As a rule, I am not a fan of self-help books. They are often big on promises but small on practicalities; good at telling you what is possible but rarely willing to recognize that each of us has limitations. Self-help books, it seems to me, sell the lie that you can be whoever you want and have whatever you want (Can I really marry Scarlett Johansson?). However, a self-help book based on Zen Buddhist principles might be different.
The book rests on the contention that ‘embracing life’s paradoxes is a powerful skill’ (p.4). Lesser, a Zen teacher and executive coach, proposes that we explore five key paradoxes: First, ‘Know Yourself, Forget Yourself; second, ‘Be Confident, Question Everything’; third, ‘Fight for Change, accept what is’; Four, ‘Embrace emotion, embody equanimity’; and five, ‘Benefit Others, benefit Yourself’. He presents these as a hierarchy of increasingly refined practices resulting in the development of five areas of life: attention, outlook, action, resilience, and effectiveness. This all sounds good, even intriguing.
Title: Know yourself, Forget Yourself: Five Truths to Transform your Work, Relationships, and Everyday Life
Author: Marc Lesser
Publisher: New World Library
Available from: New World Library, Amazon.co.uk, and Amazon.com.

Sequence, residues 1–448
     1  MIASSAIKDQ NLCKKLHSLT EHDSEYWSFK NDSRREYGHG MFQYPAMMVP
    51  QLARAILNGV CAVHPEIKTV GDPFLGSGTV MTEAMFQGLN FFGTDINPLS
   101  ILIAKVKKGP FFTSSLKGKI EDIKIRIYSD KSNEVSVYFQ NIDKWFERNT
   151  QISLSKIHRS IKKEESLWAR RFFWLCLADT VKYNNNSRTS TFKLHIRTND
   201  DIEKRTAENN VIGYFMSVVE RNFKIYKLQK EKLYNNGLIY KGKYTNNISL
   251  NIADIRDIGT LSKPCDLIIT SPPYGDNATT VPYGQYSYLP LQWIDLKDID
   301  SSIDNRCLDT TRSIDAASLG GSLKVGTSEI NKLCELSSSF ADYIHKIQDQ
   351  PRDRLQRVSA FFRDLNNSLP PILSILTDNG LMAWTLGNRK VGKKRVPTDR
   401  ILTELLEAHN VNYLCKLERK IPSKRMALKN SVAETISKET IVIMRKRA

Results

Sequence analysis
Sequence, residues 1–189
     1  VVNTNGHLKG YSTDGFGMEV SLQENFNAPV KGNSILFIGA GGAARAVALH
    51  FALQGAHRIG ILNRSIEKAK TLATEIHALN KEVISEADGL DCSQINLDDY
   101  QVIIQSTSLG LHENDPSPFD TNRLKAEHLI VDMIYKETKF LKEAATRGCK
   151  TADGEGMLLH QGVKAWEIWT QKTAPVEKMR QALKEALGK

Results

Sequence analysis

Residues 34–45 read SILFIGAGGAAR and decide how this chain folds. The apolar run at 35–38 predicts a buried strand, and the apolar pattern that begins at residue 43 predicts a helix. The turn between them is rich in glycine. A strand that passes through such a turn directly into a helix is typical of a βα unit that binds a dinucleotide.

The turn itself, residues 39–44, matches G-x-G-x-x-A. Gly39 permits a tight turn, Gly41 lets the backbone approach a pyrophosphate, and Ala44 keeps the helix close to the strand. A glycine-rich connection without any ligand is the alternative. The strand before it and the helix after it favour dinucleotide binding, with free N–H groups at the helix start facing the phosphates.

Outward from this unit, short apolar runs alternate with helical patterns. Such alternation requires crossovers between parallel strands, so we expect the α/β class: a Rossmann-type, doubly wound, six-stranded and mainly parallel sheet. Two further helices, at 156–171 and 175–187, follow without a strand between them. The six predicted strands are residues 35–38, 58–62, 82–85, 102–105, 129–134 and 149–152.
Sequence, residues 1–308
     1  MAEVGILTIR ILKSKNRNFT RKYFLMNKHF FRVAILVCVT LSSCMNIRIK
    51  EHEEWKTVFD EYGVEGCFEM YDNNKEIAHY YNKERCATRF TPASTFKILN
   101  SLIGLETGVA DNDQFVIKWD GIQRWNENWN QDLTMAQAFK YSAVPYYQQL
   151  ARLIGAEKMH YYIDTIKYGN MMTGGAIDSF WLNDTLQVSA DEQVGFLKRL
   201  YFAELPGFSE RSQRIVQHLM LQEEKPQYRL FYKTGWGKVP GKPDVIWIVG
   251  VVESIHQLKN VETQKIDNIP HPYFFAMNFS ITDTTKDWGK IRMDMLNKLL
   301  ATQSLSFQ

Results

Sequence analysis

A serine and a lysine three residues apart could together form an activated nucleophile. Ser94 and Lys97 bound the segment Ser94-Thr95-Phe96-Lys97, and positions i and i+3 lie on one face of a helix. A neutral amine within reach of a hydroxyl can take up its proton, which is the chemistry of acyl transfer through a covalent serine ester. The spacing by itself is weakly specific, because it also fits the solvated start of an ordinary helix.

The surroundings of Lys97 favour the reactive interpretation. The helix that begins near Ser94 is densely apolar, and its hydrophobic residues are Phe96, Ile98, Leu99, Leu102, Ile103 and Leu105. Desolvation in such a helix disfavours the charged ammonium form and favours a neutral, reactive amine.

While the book presents itself as designed for ‘everyday life’, it is clearly focused on those working within a corporate context since it was inspired by Lesser’s work as an executive coach. Many of the issues treated specifically concern those working in business and even running businesses. While in some respects this excludes many readers, Lesser points out that each of us can see ourselves as a business; ‘We all have a brand’ (p.252).
It seems churlish to criticise a guy who has set up his own business and been CEO of several others, especially when you don’t know much about business, which I don’t. But I do know quite a lot about Buddhism and, despite Lesser’s impressive Buddhist credentials, I found the Buddhist aspects of the book lacking in depth. Yes, there are plenty of Zen anecdotes but I wasn’t sure how useful many of them were and less sure of the Dharmic foundation that stood behind them. At no stage does Lesser hint at any conflict between the values of the corporate world and the world of the Dharma, which I find surprising. In exploring what we might want and how to get it, for instance, he never suggests that we ask ourselves whether what we want is really worth having, whether it is skilful, or whether it is even realistic. Yes, it can be great to aspire but many things are not worth aspiring to; our aspirations need to be rooted in wholesome motivations.
There are some insightful, distinctive moments where a unique voice can be heard for a moment but these are crowded out by the torrent of generic, self-help advice: ‘communicate openly’; ‘take care of your health’; ‘tell the truth’; ‘have real conversations’. The list goes on and at times is overwhelming. And none of this is bad advice but Lesser seems to assume that these are things that we can simply just do. But change is rarely so easy; if we are not, for instance, used to communicating in an open manner then cultivating this will be no small challenge. The book represents something of a missed opportunity and, to use Lesser’s own metaphor, lacks a clear brand since it is rather swamped by its general, self-help and positive thinking focus.